Wednesday, August 27, 2008

Do it for posterity

I watched a very moving documentary tonight called 51 Birch Street. I've seen many documentaries that involve children filmmakers interviewing their parents as subjects. I've been one of those would-be documentarians myself. 51 Birch Street sets a gold standard.

The film also inspired me to learn a new word. Did you know that "posterity" means future generations? What a cool meaning for a word that I'd only ever heard in cliches.

Law school continues this week, as it will for the next many, many weeks. I am feeling overwhelmed a bit by the unceasing work. Not that it's so much (yet) but it seems there is a low-level constant pressure beginning to build. (What's that I hear? The sound of 2Ls and 3Ls laughing?) I would have liked for my afternoon to involve much less planning around getting certain reading assignments done, and much more walking around the neighborhood and eating out at delicious restaurants. You know, the kind of thing I could do when I worked a regular day job.

T had a job interview today. His business also officially launched the new website today!! Check it out, because it looks awesome. I'm impressed by how much he's done in the mere week since we arrived. I want to take that as a good sign.

Monday, August 25, 2008

You catch more flies with honey...

Ugh. Comcast. Sucks.

That's all I'll say about that. I'm trying to move on from the phone call that put me in a bad mood. Right now, I'm in the bedroom, which I've set up as a makeshift work-space with my computer on a rolling coffee table, while the rice cooks back in the kitchen. It's hard to use words like "front" and "back" in this apartment, since you enter in the back of the apartment, and the front of the apartment is a dead-end, so everything feels reversed.

Anyway. First "real" day of school was today. I had Contracts and Litigation Basics. We had Lit Basics all last week, so there weren't any real surprises there. Also, that class is really just an introductory thing that lasts only halfway through the semester. Contracts was pretty good too. My prof has a sense of humor and, amazingly, so does the casebook. I actually laughed out loud while reading it yesterday. That's something I wasn't expecting.

School is a lot less intimidating than I expected, though I am refamiliarizing myself with that chronic unsettled feeling that comes with constantly feeling like I'm supposed to be "doing work". Being back in school makes me feel younger, and I haven't decided if it's in a good way or not. I was talking to a classmate of mine on ride home, some guy who was also working for about 4 years before going to law school. He also said that he felt this ambivalence about being a student again. In some ways it feels like being sent back a grade. In other ways, it seems like this amazing chance to do school over again as a wiser, better person.

I have to go. The rice could be burning.

Sunday, August 24, 2008

Biden time

Actually this post has nothing to do with Obama's VP pick, except to say that T's phone went off this morning while it was sitting on my side of the bed, so I actually was the one to first read his "First to Know" text message announcing the pick. T learned the VP confirmation via my already half-asleep announcement: "It's Biden."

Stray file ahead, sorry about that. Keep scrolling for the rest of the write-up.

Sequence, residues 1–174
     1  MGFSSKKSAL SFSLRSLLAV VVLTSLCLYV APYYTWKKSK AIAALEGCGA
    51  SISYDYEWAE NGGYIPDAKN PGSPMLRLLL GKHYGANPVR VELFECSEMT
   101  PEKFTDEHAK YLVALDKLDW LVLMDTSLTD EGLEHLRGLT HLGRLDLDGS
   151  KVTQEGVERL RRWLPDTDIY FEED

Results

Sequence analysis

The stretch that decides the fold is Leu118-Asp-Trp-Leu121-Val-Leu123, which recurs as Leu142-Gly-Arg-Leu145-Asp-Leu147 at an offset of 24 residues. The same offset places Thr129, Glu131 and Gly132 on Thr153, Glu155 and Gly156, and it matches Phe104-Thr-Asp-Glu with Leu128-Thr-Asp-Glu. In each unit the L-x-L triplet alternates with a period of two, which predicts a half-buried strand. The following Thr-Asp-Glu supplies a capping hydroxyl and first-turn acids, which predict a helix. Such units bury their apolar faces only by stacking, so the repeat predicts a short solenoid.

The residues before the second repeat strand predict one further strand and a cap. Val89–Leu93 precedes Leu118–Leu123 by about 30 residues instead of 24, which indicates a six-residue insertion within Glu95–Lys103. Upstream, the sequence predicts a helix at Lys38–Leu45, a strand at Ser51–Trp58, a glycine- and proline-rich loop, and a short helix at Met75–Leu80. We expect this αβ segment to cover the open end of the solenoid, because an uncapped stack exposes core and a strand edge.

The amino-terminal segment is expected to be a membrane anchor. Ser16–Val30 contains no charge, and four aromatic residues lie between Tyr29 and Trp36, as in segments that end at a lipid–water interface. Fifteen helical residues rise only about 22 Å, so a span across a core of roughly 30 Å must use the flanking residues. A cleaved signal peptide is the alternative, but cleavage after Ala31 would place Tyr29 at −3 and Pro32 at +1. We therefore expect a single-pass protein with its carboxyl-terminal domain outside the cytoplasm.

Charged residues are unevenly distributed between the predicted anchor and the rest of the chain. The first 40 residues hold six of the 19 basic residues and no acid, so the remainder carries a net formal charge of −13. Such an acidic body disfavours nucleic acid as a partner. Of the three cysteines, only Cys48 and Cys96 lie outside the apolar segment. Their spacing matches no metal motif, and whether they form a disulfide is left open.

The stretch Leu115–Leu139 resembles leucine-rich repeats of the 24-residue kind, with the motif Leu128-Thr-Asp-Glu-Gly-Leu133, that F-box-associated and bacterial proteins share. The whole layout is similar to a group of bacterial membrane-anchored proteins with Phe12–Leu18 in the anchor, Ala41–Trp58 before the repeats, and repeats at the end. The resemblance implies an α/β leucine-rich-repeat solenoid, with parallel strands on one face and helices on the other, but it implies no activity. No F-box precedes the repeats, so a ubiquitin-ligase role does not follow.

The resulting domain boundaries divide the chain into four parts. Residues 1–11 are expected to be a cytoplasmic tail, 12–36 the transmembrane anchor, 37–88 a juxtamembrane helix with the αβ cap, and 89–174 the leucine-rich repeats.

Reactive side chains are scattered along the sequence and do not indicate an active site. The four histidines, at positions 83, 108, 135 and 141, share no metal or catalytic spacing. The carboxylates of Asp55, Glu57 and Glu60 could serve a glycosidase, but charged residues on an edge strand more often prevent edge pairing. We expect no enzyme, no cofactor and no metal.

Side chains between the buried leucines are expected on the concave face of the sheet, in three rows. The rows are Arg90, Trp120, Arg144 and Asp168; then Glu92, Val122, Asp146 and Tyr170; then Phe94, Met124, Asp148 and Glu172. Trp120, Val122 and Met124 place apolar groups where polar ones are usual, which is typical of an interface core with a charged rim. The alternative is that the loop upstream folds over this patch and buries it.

So what am I writing about here? Nothing really. I just feel the need to seize the computer while I have the chance. (Mine is still in pieces on the floor of our bedroom, to be assembled tomorrow.)

The final bit of orientation took place today. I rode the city bus up from my new neighborhood to the far north of the city, where a group of first year students participated in the annual 1L service project. After a long week of orientation-type activities, I was kind of regretting having signed up for the extra engagement. But it turned out to be a lot of fun. Not only did I get to play a bunch of foosball with some extra-competitive kids, but I also had a pretty interesting tour of the city on the half-hour ride up.

It's kind of cool how many different nooks and crannies there are to discover about this place. T and I explored two this evening. The first was part of a simple search for pizza. We walked up the main touristy thoroughfare that is just a block from our apartment, and after abandoning our table at the first place (it was far fancier than our budget allowed), we settled for Olympia Pizza, a cheap looking joint just up the block. Turned out to be the absolute worst pizza I've ever had. Tasted like cardboard topped with ketchup and cheese product. Still and all, it was one more place to cross of our list, and we discovered a neat little comic book store on the walk over.

Later, our second expedition found us walking several blocks east toward the fabled 24-hour dog park. The park turned out to be a typical city pocket park, with a dog run that was simply left unlocked at night. Neither of the two dog parks we've visited have had grass, and this one was laid with a fine, dusty gravel. It took a while, but we finally convinced E that it was, in fact, a dog park and he was, in fact, allowed to run around. He was skeptical of the gravel and, principe that he is, he daintily walked the concrete perimeter of the place for several minutes before deigning to get his paws dirty. But he came back pooped.

The public interest director and I rode the same bus back to our places after the service project this afternoon. On the ride back, I made a comment about how I'd been lead to believe that law school was going to be one of the hardest things ever. She looked at me in complete dead pan and said, "Being a lawyer is hard. Being a grown-up is hard. Law school is not that hard." She added that I should know, having been a grown-up for the past five years. (Her definition of grown-up being someone who is working and not in school.) Following that logic, I'm hopeful that this experience will be a fun challenge, not torture. I'm writing this post because I'm curious how I will look back on it in nine months, when I'll be a little more qualified to comment on the subject.